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PIRP Students participate in Model NATO

PIRP Students participate in Model NATO at the Foreign, Commonwealth and Development Office (FCDO)

  • Date14 May 2024

Three final year students from PIRP - Tom Atmaciyan, Arnisa Ismaili and Meera Natarajan - took part in the fifth annual BISA Model NATO on Wednesday 6th March 2024, joining approximately 120 participants from 31 UK universities.

2024 Model NATO 3

Left to right: PIRP students Tom Atmaciyan, Meera Natarajan and Arnisa Ismaili at the FCDO

The event is run in partnership with the FCDO and took place at its offices in London. It began with a warm welcome from academic lead Professor Mark Webber (University of Birmingham), and a representative from FCDO, before moving to some special pre-recorded videos from the UK Delegation to NATO giving the students advice on negotiation skills and how to get the best from the day.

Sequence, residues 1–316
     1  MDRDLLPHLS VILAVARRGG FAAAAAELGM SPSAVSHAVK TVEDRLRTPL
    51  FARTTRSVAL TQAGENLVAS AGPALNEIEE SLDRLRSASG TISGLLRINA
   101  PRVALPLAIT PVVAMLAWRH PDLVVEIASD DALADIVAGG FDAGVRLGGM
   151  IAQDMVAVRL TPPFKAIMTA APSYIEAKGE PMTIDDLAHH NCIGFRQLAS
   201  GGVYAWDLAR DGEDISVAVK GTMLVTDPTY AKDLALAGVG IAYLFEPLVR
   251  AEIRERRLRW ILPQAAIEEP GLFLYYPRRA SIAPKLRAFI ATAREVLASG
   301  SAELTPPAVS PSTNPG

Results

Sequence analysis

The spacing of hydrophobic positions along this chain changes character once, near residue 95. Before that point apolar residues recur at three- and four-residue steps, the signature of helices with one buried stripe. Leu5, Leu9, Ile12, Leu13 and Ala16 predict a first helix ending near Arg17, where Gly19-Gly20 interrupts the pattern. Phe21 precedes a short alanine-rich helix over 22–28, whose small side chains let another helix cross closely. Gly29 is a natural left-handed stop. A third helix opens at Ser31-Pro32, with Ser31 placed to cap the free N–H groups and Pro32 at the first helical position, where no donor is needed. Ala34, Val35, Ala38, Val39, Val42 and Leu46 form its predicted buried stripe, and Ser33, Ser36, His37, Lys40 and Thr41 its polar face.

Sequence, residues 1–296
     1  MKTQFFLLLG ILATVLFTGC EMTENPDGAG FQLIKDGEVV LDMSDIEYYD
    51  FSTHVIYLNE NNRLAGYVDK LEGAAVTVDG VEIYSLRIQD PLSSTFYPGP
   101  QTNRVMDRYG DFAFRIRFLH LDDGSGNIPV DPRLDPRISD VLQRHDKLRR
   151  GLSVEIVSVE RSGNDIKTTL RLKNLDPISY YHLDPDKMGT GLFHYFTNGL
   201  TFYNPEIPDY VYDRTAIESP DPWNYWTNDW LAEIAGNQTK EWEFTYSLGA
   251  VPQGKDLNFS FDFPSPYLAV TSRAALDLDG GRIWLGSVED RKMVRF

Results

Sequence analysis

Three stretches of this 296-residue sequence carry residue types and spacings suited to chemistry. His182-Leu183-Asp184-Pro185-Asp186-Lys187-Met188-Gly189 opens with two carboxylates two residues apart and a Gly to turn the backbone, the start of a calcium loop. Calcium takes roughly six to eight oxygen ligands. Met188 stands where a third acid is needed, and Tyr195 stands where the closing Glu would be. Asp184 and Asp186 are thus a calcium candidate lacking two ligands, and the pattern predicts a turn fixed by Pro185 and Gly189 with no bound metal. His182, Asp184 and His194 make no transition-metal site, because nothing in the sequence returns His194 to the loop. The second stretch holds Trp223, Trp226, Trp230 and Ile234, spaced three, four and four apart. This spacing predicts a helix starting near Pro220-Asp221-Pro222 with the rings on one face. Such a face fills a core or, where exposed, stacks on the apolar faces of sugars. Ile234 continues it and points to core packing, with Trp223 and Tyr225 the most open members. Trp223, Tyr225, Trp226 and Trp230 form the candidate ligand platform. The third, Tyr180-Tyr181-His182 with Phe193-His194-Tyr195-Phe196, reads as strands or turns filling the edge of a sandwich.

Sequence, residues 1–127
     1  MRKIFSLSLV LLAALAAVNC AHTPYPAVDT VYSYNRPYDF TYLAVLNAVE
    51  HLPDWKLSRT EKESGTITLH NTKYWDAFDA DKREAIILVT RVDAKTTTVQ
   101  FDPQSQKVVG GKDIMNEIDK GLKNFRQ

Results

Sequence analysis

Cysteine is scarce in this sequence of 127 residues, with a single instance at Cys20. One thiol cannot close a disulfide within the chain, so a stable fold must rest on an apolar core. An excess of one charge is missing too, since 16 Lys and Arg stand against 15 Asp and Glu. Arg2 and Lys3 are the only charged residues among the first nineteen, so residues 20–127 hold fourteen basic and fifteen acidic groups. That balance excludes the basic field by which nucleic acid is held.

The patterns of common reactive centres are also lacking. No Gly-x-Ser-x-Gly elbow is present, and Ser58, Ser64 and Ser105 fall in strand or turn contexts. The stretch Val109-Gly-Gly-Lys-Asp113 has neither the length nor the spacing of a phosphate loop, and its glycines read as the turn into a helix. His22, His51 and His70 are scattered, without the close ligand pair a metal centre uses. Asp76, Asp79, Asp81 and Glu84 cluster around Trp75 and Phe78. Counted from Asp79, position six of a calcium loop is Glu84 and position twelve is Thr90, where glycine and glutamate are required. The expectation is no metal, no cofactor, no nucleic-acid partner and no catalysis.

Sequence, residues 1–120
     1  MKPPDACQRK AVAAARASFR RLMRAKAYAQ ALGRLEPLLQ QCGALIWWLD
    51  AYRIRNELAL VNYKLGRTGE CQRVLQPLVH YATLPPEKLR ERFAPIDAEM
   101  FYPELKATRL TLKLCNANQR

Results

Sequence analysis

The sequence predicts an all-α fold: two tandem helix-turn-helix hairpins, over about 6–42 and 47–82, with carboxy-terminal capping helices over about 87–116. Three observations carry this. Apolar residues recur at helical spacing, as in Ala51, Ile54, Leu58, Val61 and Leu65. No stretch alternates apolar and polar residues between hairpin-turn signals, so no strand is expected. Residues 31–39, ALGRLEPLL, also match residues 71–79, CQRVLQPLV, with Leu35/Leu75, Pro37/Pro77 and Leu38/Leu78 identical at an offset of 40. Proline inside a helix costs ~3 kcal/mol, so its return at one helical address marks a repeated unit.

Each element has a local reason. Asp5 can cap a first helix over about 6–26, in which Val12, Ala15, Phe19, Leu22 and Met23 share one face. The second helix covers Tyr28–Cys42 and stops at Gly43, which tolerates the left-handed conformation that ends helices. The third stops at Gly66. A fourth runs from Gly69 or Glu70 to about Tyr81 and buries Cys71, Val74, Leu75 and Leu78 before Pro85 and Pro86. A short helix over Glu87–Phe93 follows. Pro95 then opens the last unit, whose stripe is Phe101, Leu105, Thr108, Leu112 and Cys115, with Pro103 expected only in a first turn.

Business then turned to the crisis simulation at hand, which this year focused on multiple earthquakes, resulting in significant loss of life and mass displacement of populations. Two thirds of the participating students sat on the Military Committee, where they were tasked with agreeing a detailed set of actions to be endorsed in a final declaration by a simulated North Atlantic Council - NATO’s highest authority.

The 2024 Model was a great success and well-received by the participating students. Meera Natarajan, who was representing Lithuania on the North Atlantic Council, said:

“Representing Royal Holloway at Model NATO proved to be an extremely enriching experience. Not only did it allow me to hone the knowledge and research skills I’ve acquired over the past three years by engaging with a real-world scenario, but it also turned out to be a great opportunity to improve my professional and personal networking skills. I especially enjoyed being able to deepen my understanding of the modus operandi of NATO."

Tom Atmaciyan, representing Lithuania on the Military Committee, stated of his experience:

“I worked with representatives of some nations with similar interests: Denmark, Estonia, Latvia, Montenegro, North Macedonia, and Poland. We quickly formed a coalition of sorts, and were able to work as a bloc of mostly smaller NATO nations to pass texts and amendments. The simulation was incredibly enjoyable and allowed me to gain insight and experience into the practical side of diplomacy, as well as NATO procedures”.



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